Over the past eight years, I have known profound loss—family members with cancer, multiple miscarriages, and then, just a few months after giving birth to my son, Sam, the stunning news that I carry the BRCA2 gene mutation (the “breast cancer gene”), which meant that it was highly likely I would develop aggressive breast and/or ovarian cancer. The positive test results took my breath away, like a punch in the gut. My Aunt Laura died from ovarian cancer when she was just 42, leaving my 9- and 3-year-old cousins motherless. After everything I went through to have Sam, I couldn’t bear the thought of us being separated like that.
It’s not easy to be a new mother in your 30s and consider a bilateral mastectomy and hysterectomy to avoid cancers you don’t have, but I had to face it. There was no way I was going to let cancer take me from my son without a fight. I had no choice. So I had both surgeries, and it was worth it if I get to watch Sam grow up, get married, and give me grandkids to spoil.
But what if those happy years that I envision with Sam were taken from me because he got cancer? That question ran on an endless loop in my head last October, when my cousin Emily’s 1-year-old daughter, Emma, was diagnosed with acute myeloid leukemia (AML5a); she almost died before the doctors figured out what was wrong. Then in February, my high school friend Andy found out that his 4-year-old son, Ben, had stage IV glioblastoma, an incredibly aggressive brain tumor. (You may have heard of Ben Sauer–his mother, Mindy, shares his story and their family’s experience with cancer through an incredibly moving blog, Blue4Ben.com.)
Despite all I’d been through during those terribly difficult years, nothing hit me harder than the suffering of these two young children.
I couldn’t handle it. I felt such grief, such pain and sympathy for Emma and Ben, their parents and families. And I couldn’t stop thinking about how my feelings were a mere fraction of what they were feeling. The horrors of watching a beloved child suffer from cancer and its harsh treatments, and not being able to do anything about it. What could be worse?
When I realized that I actually could do something, it made all the difference. I could do exactly what Gretchen Holt Witt did when her son, Liam, was sick – host a bake sale – and in a very real way help kids like Ben and Emma. For the first time in months, I felt a glimmer of hope. Crying and grieving and worrying couldn’t make Emma or Ben better, and it couldn’t bring Liam back. It couldn’t take away their parents’ pain either, but dammit, I could bake cookies! And I could ask everyone I knew to bake even more cookies, donate money, or help however they could. So, I began planning my first Cookies for Kids’ Cancer bake sale.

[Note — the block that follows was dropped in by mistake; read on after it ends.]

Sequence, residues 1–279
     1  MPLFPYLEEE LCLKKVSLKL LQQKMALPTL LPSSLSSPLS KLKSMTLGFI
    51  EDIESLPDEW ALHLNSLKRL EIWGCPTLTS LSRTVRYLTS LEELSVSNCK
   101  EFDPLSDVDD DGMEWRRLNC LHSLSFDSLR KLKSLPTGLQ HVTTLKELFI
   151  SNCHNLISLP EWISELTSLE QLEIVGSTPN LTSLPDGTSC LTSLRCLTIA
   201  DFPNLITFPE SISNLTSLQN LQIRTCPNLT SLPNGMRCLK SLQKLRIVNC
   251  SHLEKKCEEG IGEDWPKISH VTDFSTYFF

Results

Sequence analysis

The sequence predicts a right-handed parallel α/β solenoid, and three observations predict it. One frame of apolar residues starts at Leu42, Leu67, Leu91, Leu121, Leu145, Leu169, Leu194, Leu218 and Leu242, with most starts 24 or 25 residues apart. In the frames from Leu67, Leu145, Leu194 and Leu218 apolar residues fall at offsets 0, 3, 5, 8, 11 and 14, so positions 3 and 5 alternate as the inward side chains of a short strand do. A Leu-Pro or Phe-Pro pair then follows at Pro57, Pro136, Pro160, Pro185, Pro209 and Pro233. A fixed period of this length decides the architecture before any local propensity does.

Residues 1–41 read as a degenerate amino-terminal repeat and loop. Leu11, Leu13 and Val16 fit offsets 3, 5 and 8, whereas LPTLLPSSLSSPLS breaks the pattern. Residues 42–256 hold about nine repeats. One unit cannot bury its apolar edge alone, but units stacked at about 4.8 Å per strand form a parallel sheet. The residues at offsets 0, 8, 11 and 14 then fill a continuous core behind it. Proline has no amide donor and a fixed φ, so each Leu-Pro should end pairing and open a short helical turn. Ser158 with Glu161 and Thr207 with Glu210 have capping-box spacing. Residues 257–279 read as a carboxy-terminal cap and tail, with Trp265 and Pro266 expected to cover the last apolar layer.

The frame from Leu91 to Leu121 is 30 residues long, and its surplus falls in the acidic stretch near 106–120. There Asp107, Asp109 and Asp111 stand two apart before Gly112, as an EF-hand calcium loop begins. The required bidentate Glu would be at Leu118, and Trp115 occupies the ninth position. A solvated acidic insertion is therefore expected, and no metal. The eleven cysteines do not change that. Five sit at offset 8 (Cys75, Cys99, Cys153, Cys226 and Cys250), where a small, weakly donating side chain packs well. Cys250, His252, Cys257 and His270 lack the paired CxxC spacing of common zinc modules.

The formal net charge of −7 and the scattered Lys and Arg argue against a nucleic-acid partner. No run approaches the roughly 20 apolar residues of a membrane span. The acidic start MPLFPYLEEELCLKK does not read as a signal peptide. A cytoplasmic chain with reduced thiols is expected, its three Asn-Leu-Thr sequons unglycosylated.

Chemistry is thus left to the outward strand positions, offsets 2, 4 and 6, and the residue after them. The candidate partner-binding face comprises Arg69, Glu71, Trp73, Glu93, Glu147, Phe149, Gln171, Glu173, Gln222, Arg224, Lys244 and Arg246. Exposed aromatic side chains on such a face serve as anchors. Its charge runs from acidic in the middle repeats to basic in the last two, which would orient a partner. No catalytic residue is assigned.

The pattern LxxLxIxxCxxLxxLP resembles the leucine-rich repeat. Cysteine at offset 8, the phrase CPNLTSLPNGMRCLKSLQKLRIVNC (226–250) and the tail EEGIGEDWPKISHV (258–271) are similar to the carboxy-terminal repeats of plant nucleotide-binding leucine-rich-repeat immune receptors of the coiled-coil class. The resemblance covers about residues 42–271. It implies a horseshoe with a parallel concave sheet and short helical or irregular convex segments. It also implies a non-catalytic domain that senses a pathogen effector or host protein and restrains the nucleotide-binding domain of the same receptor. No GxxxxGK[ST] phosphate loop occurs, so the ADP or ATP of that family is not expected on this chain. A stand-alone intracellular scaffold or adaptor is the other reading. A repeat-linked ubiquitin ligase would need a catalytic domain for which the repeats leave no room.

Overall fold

As I worked on the sale, I learned about the dire underfunding of pediatric cancer research—just 3 cents of every dollar for cancer research in the U.S. goes to funding treatments for children?! How can that be? There are far too many mommies and daddies, grandparents, aunts and uncles and cousins out there who love a child with cancer for that statistic to be true. Clearly, people just don’t know, which means that we’ve all got to do our part to spread the word. For Emma Shaffer. For Ben Sauer. For every single boy and girl who deserves to grow up, get married, and give their parents grandkids to spoil.
I’m happy and relieved that Emma endured her chemo and has been cancer-free for three months now; she turned two on April 18th and is back home with Emily and Mike. But little Ben died on May 13th (Liam’s birthday), and Andy and Mindy have to live with that loss every day.
The only thing that has been able to pull me out of my sadness and worry for the Sauers has been working to make my first Cookies for Kids’ Cancer bake sale a success. We’ve already raised more than $4,500, and it’s inspiring to see how the desire to help is contagious. It’s like wildfire – once people hear about Emma and Ben, and the unjust and unequal funding for pediatric cancer research, they want to join the fight. So even though I hope we raise tons of money to help fund new treatments, it’s also just as important that we spread the Cookies for Kids’ Cancer message so others will be moved to help, too.
The worst thing we can do is nothing. The best thing we can do is channel our loss into something positive — a bake sale, a 5K race, a penny drive — that will help these kids and give their families hope. That will make all the difference!